Overlooking the Ottawa River, a magnificent clock and bell tower stands. This tower is the most noticeable feature of Parliament Hill and is situated in its Centre Block.
However, Parliament Hill is actually made up of three blocks— the Centre Block, East Block, and the West Block. This historical site is set in a dreamy landscape that made it more picturesque.
Before Parliament Hill became known as the home of the federal government and a heritage building, it’s worth noting its history. Let’s revisit a simple timeline of Parliament Hill and get to know more about it.
Parliament Hill was a far cry in the 18th and 19th centuries compared to what it is at present. It was originally called Barrack Hill, nothing but a sloping cliff, that served as a military base.
Things changed in 1859 when Queen Victoria handpicked Ottawa to be the capital of the Province of Canada. From there, the modest hill was chosen as the site for the planned parliament buildings.
Architects vyed for the chance to bring to life the parliament buildings. Out of a total of 298 design proposals, only two designs stood out because of their inclination towards Gothic Revival architecture.
Construction began and the idea of filling 10, 200 square metres with a legislative chamber, hundreds of offices, a picture gallery, a library, and other rooms of different functions slowly materialized. You can only imagine the tremendous cleaning that the staff has to do to maintain such a building.
1876 marked the end of Parliament Hill’s construction when the iron Queen’s Gates and the surrounding fence were erected.
The 1916 Fire
One of the most noteworthy events concerning Parliament Hill was when a fire broke out here in 1916. Up to this day, the cause of that incident remains unknown.
The Royal Commission assigned to it didn’t come to any definite conclusions. It’s quite difficult to imagine if private investigators would have done a better job in finding the reason behind this blaze.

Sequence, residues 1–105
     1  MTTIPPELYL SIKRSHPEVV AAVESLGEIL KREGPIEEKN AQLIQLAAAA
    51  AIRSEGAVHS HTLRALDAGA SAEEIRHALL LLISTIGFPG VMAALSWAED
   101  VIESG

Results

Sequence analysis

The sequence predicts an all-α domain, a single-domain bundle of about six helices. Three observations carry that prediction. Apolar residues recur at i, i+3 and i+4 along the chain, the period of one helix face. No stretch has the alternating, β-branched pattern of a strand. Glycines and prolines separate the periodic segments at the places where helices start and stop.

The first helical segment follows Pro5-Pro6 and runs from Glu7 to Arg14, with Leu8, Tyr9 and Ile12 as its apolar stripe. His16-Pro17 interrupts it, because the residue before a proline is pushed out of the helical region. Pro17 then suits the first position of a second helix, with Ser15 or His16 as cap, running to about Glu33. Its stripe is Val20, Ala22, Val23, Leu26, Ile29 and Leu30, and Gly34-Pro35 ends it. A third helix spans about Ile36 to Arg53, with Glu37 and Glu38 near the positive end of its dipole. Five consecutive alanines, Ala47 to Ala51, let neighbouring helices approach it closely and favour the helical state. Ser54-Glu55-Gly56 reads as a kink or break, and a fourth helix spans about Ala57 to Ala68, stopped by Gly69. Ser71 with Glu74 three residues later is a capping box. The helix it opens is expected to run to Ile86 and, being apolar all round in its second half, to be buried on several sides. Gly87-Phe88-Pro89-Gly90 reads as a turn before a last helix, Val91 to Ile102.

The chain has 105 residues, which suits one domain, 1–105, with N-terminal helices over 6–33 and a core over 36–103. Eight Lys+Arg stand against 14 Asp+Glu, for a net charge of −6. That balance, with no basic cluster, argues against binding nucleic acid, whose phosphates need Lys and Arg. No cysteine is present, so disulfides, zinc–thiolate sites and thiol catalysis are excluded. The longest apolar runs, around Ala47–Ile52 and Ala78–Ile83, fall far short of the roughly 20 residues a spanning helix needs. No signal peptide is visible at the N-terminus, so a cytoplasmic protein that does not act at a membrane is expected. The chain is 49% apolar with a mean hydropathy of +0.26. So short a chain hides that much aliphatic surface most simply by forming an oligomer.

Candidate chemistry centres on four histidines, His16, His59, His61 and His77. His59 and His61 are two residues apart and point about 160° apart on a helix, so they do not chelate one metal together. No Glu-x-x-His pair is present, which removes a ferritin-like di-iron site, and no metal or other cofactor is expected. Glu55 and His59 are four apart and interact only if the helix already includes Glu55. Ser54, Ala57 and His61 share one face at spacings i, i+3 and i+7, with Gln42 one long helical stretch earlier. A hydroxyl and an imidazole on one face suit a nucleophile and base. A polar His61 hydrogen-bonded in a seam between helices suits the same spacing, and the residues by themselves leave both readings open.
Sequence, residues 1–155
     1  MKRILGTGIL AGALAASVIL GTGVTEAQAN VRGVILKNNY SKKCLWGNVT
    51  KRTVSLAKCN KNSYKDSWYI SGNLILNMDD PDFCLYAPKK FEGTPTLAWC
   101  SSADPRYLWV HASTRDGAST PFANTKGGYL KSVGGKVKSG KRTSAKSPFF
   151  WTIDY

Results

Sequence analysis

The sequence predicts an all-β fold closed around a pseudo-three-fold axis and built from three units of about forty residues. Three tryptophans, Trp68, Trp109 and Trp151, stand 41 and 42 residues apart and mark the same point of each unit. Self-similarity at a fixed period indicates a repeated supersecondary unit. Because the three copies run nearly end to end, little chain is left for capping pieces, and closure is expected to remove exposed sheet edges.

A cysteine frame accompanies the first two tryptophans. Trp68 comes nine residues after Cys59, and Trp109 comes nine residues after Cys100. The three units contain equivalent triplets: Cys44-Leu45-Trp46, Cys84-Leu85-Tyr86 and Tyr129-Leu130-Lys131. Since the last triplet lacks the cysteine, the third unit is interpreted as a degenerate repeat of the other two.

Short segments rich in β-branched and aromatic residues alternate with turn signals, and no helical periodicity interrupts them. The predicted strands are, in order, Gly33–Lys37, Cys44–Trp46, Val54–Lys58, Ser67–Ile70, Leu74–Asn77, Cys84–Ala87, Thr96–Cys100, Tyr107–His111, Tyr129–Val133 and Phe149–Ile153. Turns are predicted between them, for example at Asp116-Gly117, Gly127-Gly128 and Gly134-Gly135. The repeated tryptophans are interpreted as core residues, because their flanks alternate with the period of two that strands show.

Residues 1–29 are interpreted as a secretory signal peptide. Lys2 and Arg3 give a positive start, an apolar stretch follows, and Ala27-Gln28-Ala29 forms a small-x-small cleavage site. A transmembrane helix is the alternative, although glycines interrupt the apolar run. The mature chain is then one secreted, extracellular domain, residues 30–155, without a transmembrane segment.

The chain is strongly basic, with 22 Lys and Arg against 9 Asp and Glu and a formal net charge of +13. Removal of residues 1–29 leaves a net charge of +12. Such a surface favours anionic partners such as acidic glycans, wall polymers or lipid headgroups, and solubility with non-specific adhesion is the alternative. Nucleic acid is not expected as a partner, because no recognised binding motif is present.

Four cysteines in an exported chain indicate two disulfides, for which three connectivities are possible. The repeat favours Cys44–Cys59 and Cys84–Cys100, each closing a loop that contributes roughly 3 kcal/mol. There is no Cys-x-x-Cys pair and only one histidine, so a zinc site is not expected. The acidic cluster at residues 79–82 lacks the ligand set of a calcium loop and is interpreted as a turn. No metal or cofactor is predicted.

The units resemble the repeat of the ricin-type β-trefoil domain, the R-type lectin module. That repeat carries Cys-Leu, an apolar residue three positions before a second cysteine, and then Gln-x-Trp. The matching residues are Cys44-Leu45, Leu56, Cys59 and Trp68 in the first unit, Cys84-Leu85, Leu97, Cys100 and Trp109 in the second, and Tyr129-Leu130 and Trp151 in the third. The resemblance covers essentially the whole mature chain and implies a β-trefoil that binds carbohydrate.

The damage that the fire left was massive. Broken pieces of furniture were everywhere and everything was in shambles.
The only place safe from the fire was the library. This is because the librarian insisted on having iron fire doors installed in this room.
Rising from the Ashes
While still trying to capture the original style, significant changes were done in its structure with the use of concrete walls and steel frames. Also, another floor was added to it.
The new Centre Block also served as a memorial to Canadian soldiers that had fallen in the First World War.
The Parliament Hill at Present
Parliament Hill had such a vibrant history. At present, it continues to be one of Canada’s most famous icons.
Aside from it being the meeting place of the House of Commons and Senate, it’s also a go-to place for locals and tourists alike. With an estimate of 3 million visitors annually, tight security must always be observed.
You can enjoy guided or self-guided tours inside the Parliament’s buildings and outside its beautiful grounds. You would see monuments of iconic personalities of Canada on the Parliament’s grounds.
There are several must-see and must-experience activities when you visit Parliament Hills. These are the Changing of the Guards ceremonies, Carillon concerts, and the Sound and Light shows.
Parliament Hill also serves as a venue both for celebration and mourning. The festivities for Canada Day are set here, as well as state funerals for prominent figures in Canada.
You can cap off your visit to Parliament Hill by buying some mementos in the Parliament Boutique. For example, you can fill up your kitchen cabinets with a wide selection of ceramic mugs and unique glassware.
Parliament Hill will continue to be known as the symbolic heart of the Canadian government. Reconstructions are in place to reflect more the nation for which it stands for.
Have you been to Parliament Hill? We would love to know how you enjoyed your visit here.
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